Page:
At the same time, the military posture of both sides is getting more aggressive.
In September, the United States sent B1 bombers and F-15C Eagle fighter planes further north along the coast of North Korea than ever before. North Korea responding by asserting its right to shoot down U.S. warplanes. This week, U.S. and South Korean forces sought to demonstrate U.S. resolve by simulating attacks on North Korean targets.
What will Trump do if the North Koreans shoot down an American plane? Trump administration officials need to explain what they are doing and why—and in person, not in 140 characters.
2. Support legislation to curb Trump’s nuclear authority.
As Newsweek’s Jeff Stein notes, “No one can stop Trump from waging nuclear war, not even his generals.”
If Corker is serious about getting the country off the path to World War III, he should hold hearings on the bill introduced by Sen. Edward Markey (D-Mass.) to prohibit the president from launching a nuclear first strike without a declaration of war by Congress.
“Neither President Trump, nor any other president, should be allowed to use nuclear weapons except in response to a nuclear attack,” Markey said, when he introduced the bill in January. “By restricting the first use of nuclear weapons, this legislation enshrines that simple principle into law.”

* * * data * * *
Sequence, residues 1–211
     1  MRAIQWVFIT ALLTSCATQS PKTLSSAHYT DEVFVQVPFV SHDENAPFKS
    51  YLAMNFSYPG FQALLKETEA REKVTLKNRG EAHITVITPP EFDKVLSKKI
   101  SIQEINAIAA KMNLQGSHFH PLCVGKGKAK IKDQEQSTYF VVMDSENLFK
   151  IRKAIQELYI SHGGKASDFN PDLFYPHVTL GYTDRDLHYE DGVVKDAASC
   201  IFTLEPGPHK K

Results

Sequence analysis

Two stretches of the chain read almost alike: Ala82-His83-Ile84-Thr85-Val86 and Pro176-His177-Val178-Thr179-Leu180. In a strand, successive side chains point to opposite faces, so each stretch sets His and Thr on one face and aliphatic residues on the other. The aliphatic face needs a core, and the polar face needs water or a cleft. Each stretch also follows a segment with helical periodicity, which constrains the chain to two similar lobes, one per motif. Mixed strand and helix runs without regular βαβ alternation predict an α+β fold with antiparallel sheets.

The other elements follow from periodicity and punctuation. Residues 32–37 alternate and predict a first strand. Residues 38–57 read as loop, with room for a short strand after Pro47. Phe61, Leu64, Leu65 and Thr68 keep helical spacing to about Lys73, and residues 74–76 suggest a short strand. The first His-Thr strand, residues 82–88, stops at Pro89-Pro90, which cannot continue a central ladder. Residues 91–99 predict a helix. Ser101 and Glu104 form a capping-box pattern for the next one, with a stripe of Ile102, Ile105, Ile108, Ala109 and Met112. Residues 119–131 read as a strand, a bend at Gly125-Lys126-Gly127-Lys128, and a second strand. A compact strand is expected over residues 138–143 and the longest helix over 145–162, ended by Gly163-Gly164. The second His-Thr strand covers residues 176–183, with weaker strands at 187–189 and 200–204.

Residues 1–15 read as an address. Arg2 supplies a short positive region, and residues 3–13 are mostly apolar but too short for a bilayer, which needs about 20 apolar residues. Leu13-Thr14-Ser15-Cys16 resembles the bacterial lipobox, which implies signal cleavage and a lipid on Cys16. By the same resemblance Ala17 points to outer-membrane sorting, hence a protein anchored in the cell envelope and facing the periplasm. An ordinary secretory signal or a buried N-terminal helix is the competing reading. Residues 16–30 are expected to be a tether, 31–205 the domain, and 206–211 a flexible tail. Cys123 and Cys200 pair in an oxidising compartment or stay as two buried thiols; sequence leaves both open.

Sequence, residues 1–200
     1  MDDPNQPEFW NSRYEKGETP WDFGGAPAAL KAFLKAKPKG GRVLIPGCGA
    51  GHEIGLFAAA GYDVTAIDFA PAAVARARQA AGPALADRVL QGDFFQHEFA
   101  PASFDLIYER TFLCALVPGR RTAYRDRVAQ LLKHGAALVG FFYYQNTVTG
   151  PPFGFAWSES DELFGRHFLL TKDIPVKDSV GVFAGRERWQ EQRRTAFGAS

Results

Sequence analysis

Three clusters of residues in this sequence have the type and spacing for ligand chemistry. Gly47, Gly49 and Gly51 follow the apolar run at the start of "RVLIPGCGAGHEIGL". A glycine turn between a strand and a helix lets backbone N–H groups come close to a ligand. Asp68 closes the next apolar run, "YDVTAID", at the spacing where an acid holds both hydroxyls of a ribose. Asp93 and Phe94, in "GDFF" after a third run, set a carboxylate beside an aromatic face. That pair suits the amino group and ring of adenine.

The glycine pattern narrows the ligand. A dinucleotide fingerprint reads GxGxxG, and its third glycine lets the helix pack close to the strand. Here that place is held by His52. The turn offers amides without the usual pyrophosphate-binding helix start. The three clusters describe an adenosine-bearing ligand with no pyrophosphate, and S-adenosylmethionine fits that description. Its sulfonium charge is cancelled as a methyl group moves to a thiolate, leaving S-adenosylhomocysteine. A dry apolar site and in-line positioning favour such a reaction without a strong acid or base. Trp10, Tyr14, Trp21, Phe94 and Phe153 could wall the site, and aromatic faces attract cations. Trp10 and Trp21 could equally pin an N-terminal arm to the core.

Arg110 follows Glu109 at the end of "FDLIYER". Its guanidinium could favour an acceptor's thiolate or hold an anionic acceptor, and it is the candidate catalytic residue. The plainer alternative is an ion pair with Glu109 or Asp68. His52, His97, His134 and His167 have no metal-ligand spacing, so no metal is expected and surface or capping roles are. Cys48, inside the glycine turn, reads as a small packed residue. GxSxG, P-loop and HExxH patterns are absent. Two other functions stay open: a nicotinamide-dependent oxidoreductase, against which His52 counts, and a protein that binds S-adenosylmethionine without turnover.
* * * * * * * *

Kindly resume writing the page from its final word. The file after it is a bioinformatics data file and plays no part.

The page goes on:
Markey’s bill is no panacea, but Corker’s willingness to consider it would put Trump on notice that Congress is serious about curbing his powers.
3. Protect the Iran nuclear agreement.
Now that Trump has declared he will abandon the international agreement that prevents the Islamic Republic from building nuclear weapons for at least a decade, Congress will have 60 days to decide whether to reimpose pre-2015 sanctions, or stick with the agreement. Republicans will be looking to Corker for guidance.
Corker should publicly support Trump administration officials who have repeatedly said the agreement advances U.S. interests and that Iran is compliance.
Defense Secretary Jim Mattis, a former commander in the Middle East, told the Senate earlier this month that Iran was in compliance with the deal. Before that, General Joseph Dunford, chairman of the joint chiefs of staff, told the Senate that the agreement was working, and is delaying any eventual Iranian development of nuclear arms.
Corker, a measured critic of the deal in 2015, is now uniquely well-positioned to enforce the point that abandoning the Iran deal will undermine any effort to negotiate with North Korea by demonstrating that the U.S. government doesn’t abide by its diplomatic commitments.
After a recent visit to North Korea, the New York Times’ Nicholas Kristof declared, “I’ve been covering North Korea on and off since the 1980s, and this five-day trip has left me more alarmed than ever about the risks of a catastrophic confrontation.”
Corker has said he shares that alarm. Now is the time to do something about it before it’s too late.
Jefferson Morley is AlterNet’s Washington correspondent. He is the author of the forthcoming biography The Ghost: The Secret Life of CIA Spymaster James Jesus Angleton (St. Martin’s Press, October 2017).